Anatomy of a Novel

Word. (Your topic/genre.)

Many words strung together in a logical manner make a sentence. (Your thesis: Why are you writing this novel?)

            About five to six sentences form a paragraph. There can be more than six or less than five. It’s up to you as the writer. A paragraph can consist of internal monologue or descriptions. It can also recount a memory. (Your introductory paragraph. Introduce your characters, their family, their history, their goals, their flaws, etc)

Multiple paragraphs, in addition to dialogue, create a scene. Each scene must have tension or conflict. Otherwise, it is irrelevant. If the scene does not add tension to the plot it is not doing its job. Cut it. (Your first outline – always by your side and in constant need of revision.)

Two or more scenes (generally) make up a chapter. A chapter can be one scene, but that would be a poor, tensionless chapter. Each chapter should end with a tidbit that whets the reader’s appetite and keeps them reading. Each chapter is self contained, yet not. (Your body. Tell your story as you see fit.)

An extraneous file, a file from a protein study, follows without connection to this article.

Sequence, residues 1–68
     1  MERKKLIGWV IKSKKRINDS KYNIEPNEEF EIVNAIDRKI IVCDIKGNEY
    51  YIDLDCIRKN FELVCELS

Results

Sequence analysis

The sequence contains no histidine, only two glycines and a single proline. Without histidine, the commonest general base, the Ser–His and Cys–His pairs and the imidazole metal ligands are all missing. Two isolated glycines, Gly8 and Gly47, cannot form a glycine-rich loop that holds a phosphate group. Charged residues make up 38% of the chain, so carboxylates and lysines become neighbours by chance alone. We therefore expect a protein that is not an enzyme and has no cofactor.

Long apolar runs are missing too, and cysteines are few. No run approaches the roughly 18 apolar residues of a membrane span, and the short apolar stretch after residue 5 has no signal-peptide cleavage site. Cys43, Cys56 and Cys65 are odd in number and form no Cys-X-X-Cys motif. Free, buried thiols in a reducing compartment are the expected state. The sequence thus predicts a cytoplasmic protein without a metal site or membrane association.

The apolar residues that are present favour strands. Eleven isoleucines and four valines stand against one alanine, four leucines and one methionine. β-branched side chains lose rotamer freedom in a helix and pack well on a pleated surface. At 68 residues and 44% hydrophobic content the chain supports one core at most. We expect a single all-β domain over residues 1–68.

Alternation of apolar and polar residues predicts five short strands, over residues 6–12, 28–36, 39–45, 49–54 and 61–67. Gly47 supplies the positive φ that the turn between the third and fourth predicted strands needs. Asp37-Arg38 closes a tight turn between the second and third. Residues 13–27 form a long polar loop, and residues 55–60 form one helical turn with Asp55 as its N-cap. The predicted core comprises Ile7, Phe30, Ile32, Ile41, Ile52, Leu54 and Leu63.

Two or more chapters create a story. Together all the chapters of a novel tell the story. They connect, transition flawlessly. They are not contained, but depend on the previous chapter to keep the story running and coherent. (Your final draft, fully researched and articulately argued. Everything wrapped in a neat bow.)


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